TL;DR: The website is now using Cloudflare; the “Follow the Mercheum” right sidebar has been redone; sharing, comments on posts and the Contact the Curator page look different.
Very long (over 1,000 words!) post today about the changes going on behind the scenes of the Harvey Mercheum website. Read on for details!
Caching and Content Delivery Networks
One of the reasons I initially went with Arvixe for hosting the Harvey Mercheum website was that they supported Cloudflare, a free Content Delivery Network (CDN). Once I had this website up and running the way I wanted, I activated Cloudflare. It seemed to work, but then the website went down several times over the following week. I deactivated Cloudflare, and things seemed better for a while, then the website went down again. I contacted Arvixe support and was told there was a problem with the shared server I was on. This was the first of the many times I would get this answer from Arvixe support…
Later, I started using a popular caching plugin called W3 Total Cache. At the time, W3TC did not play nicely with Cloudflare, so even though the problems with the website were not due to Cloudflare, I never turned it back on.
In researching hosting companies to switch to, I found that SiteGround had its own caching plugin called SG Optimizer. Once I switched to SiteGround, I switched caching plugins. I then had to edit my .htaccess file to add some browser caching commands that W3TC had added for me but removed when I deactivated it.
With W3 Total Cache deactivated, I decided to try Cloudflare again. Going through SiteGround’s documentation, I discovered that Cloudflare wants the website’s URL to start with www. Fortunately I am to the far right of this graph:
so I had set up the Harvey Mercheum website to use the www. Bjorn Johansen wrote a post back in January about how he feels the www should still be used, you can read his reasoning here if you are interested in this argument:
Cloudflare is currently active, and you can tell this by scrolling all the way to the bottom of any page on this website. Down with the copyright notice you will now see a dynamic Cloudflare web badge. If Cloudflare is active, the cloud icon in the badge will be orange. If it is not active, the cloud icon will disappear.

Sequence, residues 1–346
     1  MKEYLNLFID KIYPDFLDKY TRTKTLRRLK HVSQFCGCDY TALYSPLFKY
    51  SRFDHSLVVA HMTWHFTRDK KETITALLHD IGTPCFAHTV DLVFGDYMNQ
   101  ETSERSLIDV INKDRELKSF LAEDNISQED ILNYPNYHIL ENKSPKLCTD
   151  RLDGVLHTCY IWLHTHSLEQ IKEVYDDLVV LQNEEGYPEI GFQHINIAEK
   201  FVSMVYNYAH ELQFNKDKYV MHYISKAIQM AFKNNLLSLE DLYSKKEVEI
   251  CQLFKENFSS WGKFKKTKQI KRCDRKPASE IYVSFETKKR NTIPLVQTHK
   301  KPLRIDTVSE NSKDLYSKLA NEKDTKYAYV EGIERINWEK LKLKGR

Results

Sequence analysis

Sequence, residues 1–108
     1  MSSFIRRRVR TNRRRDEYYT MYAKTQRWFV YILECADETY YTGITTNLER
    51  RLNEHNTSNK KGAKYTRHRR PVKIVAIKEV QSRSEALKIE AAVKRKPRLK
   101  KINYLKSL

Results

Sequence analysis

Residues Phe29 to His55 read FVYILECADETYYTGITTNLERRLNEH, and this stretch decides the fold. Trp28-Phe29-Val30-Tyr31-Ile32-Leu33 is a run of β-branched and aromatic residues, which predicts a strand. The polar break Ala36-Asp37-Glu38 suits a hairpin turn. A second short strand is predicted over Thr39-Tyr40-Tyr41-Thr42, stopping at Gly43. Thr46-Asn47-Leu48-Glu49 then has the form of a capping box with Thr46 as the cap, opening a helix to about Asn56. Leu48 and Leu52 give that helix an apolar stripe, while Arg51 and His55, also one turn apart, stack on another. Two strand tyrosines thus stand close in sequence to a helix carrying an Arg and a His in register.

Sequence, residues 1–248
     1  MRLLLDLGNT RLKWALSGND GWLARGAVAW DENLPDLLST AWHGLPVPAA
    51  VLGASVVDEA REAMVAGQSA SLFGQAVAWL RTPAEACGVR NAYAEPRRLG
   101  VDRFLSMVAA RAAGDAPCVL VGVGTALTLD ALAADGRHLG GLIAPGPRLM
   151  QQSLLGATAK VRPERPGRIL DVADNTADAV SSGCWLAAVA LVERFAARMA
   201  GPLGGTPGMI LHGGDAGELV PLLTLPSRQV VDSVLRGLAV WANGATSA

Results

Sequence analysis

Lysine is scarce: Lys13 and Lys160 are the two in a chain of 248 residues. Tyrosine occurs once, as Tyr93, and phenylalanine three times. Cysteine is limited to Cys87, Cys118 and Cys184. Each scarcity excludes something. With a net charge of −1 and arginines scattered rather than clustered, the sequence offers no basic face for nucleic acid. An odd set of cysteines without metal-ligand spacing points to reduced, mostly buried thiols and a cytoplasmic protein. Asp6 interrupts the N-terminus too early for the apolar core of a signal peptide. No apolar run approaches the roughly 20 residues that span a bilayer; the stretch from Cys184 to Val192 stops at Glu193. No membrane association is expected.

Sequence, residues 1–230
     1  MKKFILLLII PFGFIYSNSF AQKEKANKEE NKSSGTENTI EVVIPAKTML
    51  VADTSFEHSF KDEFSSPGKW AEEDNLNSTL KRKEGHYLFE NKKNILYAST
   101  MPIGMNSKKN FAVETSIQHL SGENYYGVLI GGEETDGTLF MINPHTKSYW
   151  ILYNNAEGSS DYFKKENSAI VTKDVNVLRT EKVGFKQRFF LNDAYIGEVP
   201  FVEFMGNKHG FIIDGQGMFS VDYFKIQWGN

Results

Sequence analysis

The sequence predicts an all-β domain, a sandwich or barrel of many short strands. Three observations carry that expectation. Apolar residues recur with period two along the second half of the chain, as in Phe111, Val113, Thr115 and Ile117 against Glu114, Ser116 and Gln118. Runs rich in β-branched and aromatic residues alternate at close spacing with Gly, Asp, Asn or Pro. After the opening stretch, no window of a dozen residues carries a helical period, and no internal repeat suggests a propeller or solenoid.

Following and Sharing
Speed tests using Pingdom and GTMetrix before and after the caching plugin change and the activation of Cloudflare showed that performance was slightly worse than when I had started. I confirmed with SiteGround support that this was possible using Cloudflare. SiteGround went a step further though, and pointed to a script as a source of some of the slowness. The script was for the AddThis Follow and Share plugins, which I had been using since the website went live. AddThis had also shown up as a problem in the GTMetrix report, for using a mix of HTTP: and HTTPS:. I started researching alternatives, and found this article:
AddThis ranked sixth of the ten options they evaluated. What caught my eye was that Jetpack came in second. I already had Jetpack installed, it is powering the “Subscribe to the Mercheum Blog via Email”. I set up Jetpack Sharing and disabled AddThis Share. The share buttons look different, but they are in the same place (above the post content) and do the same job.
Jetpack does not offer Follow buttons other than email, so I reverted to the scripts supplied by Facebook and Google+ and set up an RSS button. Then I disabled AddThis Follow. While I was working on the right sidebar, I moved some of the other options around as well. I think the new arrangement is a little cleaner.
Comments and Contact the Curator
While configuring Jetpack, I took some time to explore other options available. I found the Comments module and decided to enable it. I am hoping the ability to use other social networking accounts will help encourage you to leave more comments.
Jetpack also offers a Contact Form module. I had been using Fast Secure Contact Form since the website went live, and never had a problem with it. However, I saw this as an opportunity to eliminate another plugin, since I have been working to reduce the number of plugins used by the website. Then I found out that Jetpack’s comment forms require the Akismet plugin to filter spam, where Fast Secure Contact Form had basic Captcha built in. I went ahead and set up Akismet and a Jetpack Contact Form anyway and replaced the form on the Contact the Curator page. One nice feature of the Jetpack form is that the form data is stored in WordPress as well as emailed, so there is an archive available that Fast Secure Contact Form did not provide.
So what is the outcome of all of these changes? I removed four plugins and added two, for a net result of two less plugins. Removing AddThis raised my Google PageSpeed score from D (69%) to B (88%). My YSlow score actually dropped, from D (67%) to D (60%). I cannot seem to get YSlow to recognize the fact that I am using Cloudflare. I am disappointed in these results, but I still feel I am moving in the right direction.
What is next? I was considering working on switching PHP versions from 5.6 to 7.0, since 7.0 is supposed to be much faster. Then I found out SiteGround had set me up with 7.0 when I migrated. I am glad nothing broke! This leaves enabling my free Let’s Encrypt certificate and switching the Harvey Mercheum website to HTTPS:. There is a strong push for all websites to use HTTPS:, and it will happen sooner or later. I just know that there will be a fair amount of work involved in making this change, and a good chance of downtime while I work out the problems.
I am always looking for ways to improve the Harvey Mercheum website. What would you like to see? Try out the new comments form below, or the new Contact the Curator form, and let me know!